dc.formatText-based Documenten
dc.typePosteren
dc.titleAdvanced Practice Nurse Orientation: New Directionsen
dc.contributor.authorGoering, LaDawnaen
dc.contributor.departmentBeta Omegaen
dc.author.detailsLaDawna Goering, APN, ANP-BCen
dc.identifier.urihttp://hdl.handle.net/10755/621300-
dc.description.abstractSession presented on Saturday, March 18, 2017: Purpose of the Presentation: The purpose of the poster presentation is to outline the development of a comprehensive advanced practice nurse (APN) orientation program directed toward improving the transition of APNs into today's healthcare work environment and improve APN job satisfaction and retention. Background: The need for hospital acute care advanced practice nurses continues to grow (Yeager, 2010). Studies have shown that APN practice provides safe, effective, efficient, and patient-centered care that is evidence-based (AANP, 2015; AANP, 2013; Kilpatrick et. al, 2015). The nurse-practitioner (NP) care model has shown to decrease length of stay and hospital costs thereby increasing hospital profits (AANP, 2013). Kutzleb (2015) found that the NP care model coordinates, manages, and monitors outcomes in chronic disease and high-risk patient populations, decreasing readmissions and increasing patient quality outcomes. This makes the APN an essential member of the acute care healthcare team, and APN retention fundamental to continuity of care. Problem: With the need for increased acute care advanced practice nurses, comes the healthcare organization responsibility to orient new APNs to a complex work environment. After an increased APN turnover rate during the last two years, the APN committee identified high APN turnover rates and poor job satisfaction among APNs as two barriers to providing a professional nurse practitioner (NP) model. Intervention: A needs survey was conducted to assess the current APN's experience when on-boarding to the organization. There was a 69% response rate with all 69% survey responses indicating a need for change to the current APN orientation process. The data was analyzed and grouped by effective and ineffective processes identified by the survey. Then the data was presented to the committee for discussion and review. A literature review was conducted and summarized to the committee regarding APN orientation programs and mentor models, and then a committee was formed to address revising the existing program. The quality improvement project included focusing the orientation program on essential identified elements: orientation to the healthcare organization, administrative requirements, the credentialing process, APN council introduction, important contact information, identification of system resources, and interdisciplinary team introduction and shadowing in addition to specialty clinical education and immersion experiences. Essential APN resources for professional development were also developed and created in an APN manual. Mentorship and peer support with feedback and networking was also embedded into the program. On hire the new APN is now sent all administrative paperwork for general organizational requirements and for credentialing with instructions to complete prior to the first day of employment. Bahouth & Besposito-Herr (2009) and Yeager (2010) found streamlining the administrative activities allowed for earlier assimilation into the work environment. Yeager (2010) also identified shadowing experiences and critical thinking tools to assist the new NP in moving from the Novice to Expert model, as described by theorist Benner (1985) as credited earlier by Dreyfus and Dreyfus. However, this transition requires both a planned process and experience (Gardner, 2012; Benner, 1985). Based on the Benner model of transitioning from novice to expert, a newly directed work environment for APNs was created to facilitate this process. A welcome letter from the APN council and the assigned mentor is included in the employment packet. Leggat, Balding, and Schiftan (2015) found that pairing an experienced nurse practitioner with a new or less experienced practitioner showed an improvement in effective clinical leadership competencies. Each new APN is assigned a peer within their workgroup and a mentor that practices in another specialty area. The resource manual is also provided to the APN to reference throughout the orientation period. Didactic, simulation-based education, and peer support are provided prior to transitioning to full clinical practice (Bahouth & Besposito-Herr, 2009). Depending on the area of practice, specific clinical education and immersion experiences will then follow. Conclusions: Preliminary qualitative data from new APNs indicate that the improvements have been beneficial to new APNs. The effectiveness of the new project is being evaluated by on-going surveys and APN retention rates. Nursing Implications: Future implications for the APN orientation program include improving transition to a healthy work environment and APN practice, resulting in improved clinical leadership and APN retention. Learning Objectives: 1. The learner will be able to identify the needs of a transitioning nurse practitioner into a new healthcare organization. 2. The learner will be able to analyze gaps in the current healthcare organization's environment for advanced nurse practice (APN) orientation and mentorship. 3. The learner will be able to apply concepts from the New Directions APN Orientation program to other health care environments to improve transition and mentorship support. 4. On completion of reviewing the poster the learner will be able to design an APN orientation program to transiting the nurse practitioner into the organization with evaluation. 5. The learner will be able to evaluate the success of changes in the APN orientation program and ongoing programs.en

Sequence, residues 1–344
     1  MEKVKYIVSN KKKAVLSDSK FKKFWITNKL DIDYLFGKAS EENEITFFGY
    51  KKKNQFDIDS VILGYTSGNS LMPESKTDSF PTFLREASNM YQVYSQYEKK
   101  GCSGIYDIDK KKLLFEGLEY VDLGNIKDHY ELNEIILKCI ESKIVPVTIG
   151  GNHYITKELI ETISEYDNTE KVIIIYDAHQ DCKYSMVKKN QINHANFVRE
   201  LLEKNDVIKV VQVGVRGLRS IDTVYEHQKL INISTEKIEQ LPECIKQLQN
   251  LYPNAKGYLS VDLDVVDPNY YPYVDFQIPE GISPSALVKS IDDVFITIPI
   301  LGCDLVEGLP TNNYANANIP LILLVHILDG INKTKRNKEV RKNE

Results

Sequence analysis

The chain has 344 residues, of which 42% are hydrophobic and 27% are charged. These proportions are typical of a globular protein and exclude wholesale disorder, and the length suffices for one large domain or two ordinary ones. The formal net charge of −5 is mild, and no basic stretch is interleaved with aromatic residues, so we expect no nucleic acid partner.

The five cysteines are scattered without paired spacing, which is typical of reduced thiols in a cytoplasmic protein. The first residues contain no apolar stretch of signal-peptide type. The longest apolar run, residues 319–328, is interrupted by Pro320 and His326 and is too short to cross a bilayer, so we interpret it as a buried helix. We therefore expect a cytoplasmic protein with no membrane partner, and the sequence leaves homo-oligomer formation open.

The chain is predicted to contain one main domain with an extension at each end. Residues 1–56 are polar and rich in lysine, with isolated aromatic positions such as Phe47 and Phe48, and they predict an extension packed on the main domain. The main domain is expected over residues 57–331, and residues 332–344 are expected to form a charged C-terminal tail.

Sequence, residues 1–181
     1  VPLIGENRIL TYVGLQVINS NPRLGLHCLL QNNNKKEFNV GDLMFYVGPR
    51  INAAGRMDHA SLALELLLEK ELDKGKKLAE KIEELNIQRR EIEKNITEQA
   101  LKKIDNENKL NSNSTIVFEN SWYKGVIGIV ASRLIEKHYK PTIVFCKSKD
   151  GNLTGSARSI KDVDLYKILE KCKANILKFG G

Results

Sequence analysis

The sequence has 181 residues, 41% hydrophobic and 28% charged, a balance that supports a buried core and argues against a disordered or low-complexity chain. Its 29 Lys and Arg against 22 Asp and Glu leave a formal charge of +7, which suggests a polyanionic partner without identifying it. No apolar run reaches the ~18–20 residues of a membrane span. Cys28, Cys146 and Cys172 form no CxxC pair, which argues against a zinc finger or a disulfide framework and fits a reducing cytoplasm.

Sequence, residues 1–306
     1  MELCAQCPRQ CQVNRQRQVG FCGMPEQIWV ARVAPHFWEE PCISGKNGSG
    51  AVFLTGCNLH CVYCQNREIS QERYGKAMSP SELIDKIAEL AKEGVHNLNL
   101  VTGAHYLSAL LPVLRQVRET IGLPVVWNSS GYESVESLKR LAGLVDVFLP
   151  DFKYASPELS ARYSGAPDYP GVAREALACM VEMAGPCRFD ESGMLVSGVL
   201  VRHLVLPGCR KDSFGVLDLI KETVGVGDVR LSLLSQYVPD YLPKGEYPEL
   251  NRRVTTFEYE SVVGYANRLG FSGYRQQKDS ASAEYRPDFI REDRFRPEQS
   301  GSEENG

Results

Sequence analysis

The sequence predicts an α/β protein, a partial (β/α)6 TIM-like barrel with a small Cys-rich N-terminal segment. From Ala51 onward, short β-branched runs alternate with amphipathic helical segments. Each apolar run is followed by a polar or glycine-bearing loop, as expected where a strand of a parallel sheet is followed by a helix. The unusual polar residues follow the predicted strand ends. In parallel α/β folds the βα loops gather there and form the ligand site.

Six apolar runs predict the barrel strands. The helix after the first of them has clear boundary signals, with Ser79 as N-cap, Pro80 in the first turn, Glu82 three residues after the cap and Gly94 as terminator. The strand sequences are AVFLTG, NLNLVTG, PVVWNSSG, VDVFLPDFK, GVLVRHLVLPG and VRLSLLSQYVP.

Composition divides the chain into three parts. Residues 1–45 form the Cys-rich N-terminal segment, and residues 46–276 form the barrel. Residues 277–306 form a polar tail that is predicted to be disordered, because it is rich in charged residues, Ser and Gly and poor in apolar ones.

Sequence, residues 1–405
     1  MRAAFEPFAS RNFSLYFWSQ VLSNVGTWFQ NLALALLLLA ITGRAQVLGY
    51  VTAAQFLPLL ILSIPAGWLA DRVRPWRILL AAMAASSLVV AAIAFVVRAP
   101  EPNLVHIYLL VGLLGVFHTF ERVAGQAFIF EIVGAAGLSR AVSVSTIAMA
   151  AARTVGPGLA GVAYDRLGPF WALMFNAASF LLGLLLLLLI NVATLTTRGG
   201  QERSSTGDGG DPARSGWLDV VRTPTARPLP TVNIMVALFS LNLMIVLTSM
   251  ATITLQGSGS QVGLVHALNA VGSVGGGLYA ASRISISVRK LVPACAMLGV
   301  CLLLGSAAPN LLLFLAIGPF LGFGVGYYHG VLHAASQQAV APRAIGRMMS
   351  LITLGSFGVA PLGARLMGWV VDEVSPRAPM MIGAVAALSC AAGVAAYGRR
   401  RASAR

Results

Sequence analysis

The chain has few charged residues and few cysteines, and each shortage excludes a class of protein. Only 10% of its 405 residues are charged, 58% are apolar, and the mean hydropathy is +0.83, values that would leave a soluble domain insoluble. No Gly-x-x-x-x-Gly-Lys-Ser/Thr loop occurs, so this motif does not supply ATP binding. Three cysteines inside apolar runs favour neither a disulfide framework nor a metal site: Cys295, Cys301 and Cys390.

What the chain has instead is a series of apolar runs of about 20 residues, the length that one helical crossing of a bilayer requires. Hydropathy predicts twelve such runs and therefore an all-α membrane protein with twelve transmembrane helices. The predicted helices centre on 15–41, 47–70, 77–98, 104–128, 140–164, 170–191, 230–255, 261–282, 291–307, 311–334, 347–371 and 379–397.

dc.subjectNurse Practitioner Orientationen
dc.subjectNurse Practitioner role transitionen
dc.subjectNurse Practitioner Mentoringen
dc.date.available2017-03-03T14:34:54Z-
dc.date.issued2017-03-03-
dc.date.accessioned2017-03-03T14:34:54Z-
dc.conference.date2017en
dc.conference.nameCreating Healthy Work Environments 2017en
dc.conference.hostSigma Theta Tau International, the Honor Society of Nursingen
dc.conference.locationIndianapolis, Indiana, USAen
dc.descriptionCreating Healthy Work Environments 2017: Best Practices in Clinical and Academic Settings. Held at the JW Marriott, Indianapolis, Indiana, USAen